How I Lead: Addressing the Root Cause of Problems, Not Just the Symptoms
A conversation with Laura Herrin, a manager at the Norfolk Naval Shipyard.
Laura Herrin oversees the teams that provide virtually every tool and safety equipment for ship repair at the Norfolk Naval Shipyard in Virginia and Kings Bay in Georgia. As a resource manager, she is responsible for hiring, promotions and performance appraisals, along with determining where in the organization each employee is best suited.
What is the best leadership lesson you've learned?
To delegate jobs to the correct level and stop doing my people’s work for them.
How did you get to where you are today?
By addressing issues head on and making sure problems are corrected at the root cause, and not just addressing the symptoms.
What leadership lessons do you try to convey to your team?
Every person in our organization has a role to play in the success or failure of our shipyard’s mission. What my team does is vital to our mission of fixing ships; without them we would not achieve that goal.
What do you look for in potential employees when making hiring decisions?
I feel a positive attitude and willingness to learn is far more important than getting someone who knows everything. My processes and tools can be taught, but attitude, work ethic and integrity is built in.
What strengths do you bring your organization?
I bring passion for my job and the importance of what my team does to work every day. I express to my team that we might be that one drop of water in the ocean, but we are just as important as the waves.
What is your weakness and how do you compensate for it?
My weakness is that I hate to concede when I am told my people did something wrong. I spend so much time building them up and ensuring they know how critical their work is that I cannot believe they would allow complacency to sneak up on them.
What is your strategy for interactions with your supervisor?
My strategy for interaction with my supervisor is to have two-way conversations. To listen to him, but to ensure I am heard as well. We have monthly meetings with all my employees, and I engage my supervisors prior to the meetings so there are clear expectations of what I expect from them and their team.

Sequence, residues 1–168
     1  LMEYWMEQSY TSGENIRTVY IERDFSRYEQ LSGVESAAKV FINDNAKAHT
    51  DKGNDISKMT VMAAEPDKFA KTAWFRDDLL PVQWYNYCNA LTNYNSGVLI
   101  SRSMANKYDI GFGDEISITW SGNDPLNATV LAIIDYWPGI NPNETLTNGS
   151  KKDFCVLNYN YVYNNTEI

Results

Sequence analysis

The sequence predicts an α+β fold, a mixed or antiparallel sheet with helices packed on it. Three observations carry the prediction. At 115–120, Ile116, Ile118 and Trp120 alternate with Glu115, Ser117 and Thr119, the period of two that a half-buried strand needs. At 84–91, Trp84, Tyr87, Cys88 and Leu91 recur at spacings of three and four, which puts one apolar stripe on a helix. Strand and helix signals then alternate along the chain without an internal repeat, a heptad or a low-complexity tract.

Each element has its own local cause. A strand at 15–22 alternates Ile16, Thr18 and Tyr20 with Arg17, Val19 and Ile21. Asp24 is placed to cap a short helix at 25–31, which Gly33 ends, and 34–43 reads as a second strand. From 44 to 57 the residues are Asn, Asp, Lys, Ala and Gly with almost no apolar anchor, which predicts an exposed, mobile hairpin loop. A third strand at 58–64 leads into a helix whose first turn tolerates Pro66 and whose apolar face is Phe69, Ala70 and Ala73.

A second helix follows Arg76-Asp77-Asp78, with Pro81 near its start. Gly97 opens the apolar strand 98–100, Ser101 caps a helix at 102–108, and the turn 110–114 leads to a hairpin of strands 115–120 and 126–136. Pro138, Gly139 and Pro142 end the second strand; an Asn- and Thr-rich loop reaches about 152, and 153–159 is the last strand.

How do you involve your employees to ensure everyone is on board with a new idea?
When new ideas are being implemented I hold interactive group meetings to ensure the plan is communicated to all levels. I explain, not only the “what” and “where,” but also the “why.” I feel this is important to allow the group to understand the decision, and then use best practices to suggest alternative views that were not thought of at my level and above.
What is your latest goal or ambition and how do you plan to go about achieving it?
My current professional goal is to move into my supervisor’s job. The best way to do that is to learn his job, and then help him to move up to his next position to open his spot up for me. One of the greatest lessons I learned from my previous supervisor was he always told me to be a mentor someone behind you, so that you could be replaced to move on up and the organization will still be strong.
Tell me something your co-workers do not know about you.
I struggle meeting new people. I am so comfortable around them that they assume I am outgoing all the time, but I tend to clam up and get withdrawn around strangers. This is especially true in new surroundings.
What motivates you?
I am motivated by my desire to be successful and to be accepted for the things I do. I would rather my boss yell at me than to use the “D” word—that he is disappointed with me.
What was the biggest career risk you took?
Taking a job on a temporary basis and then not making it permanent. The worst part about that ordeal was that I had to train the person who got the job. I learned that work is just like life; it will not always be fair but you just have to deal with it and keep going.
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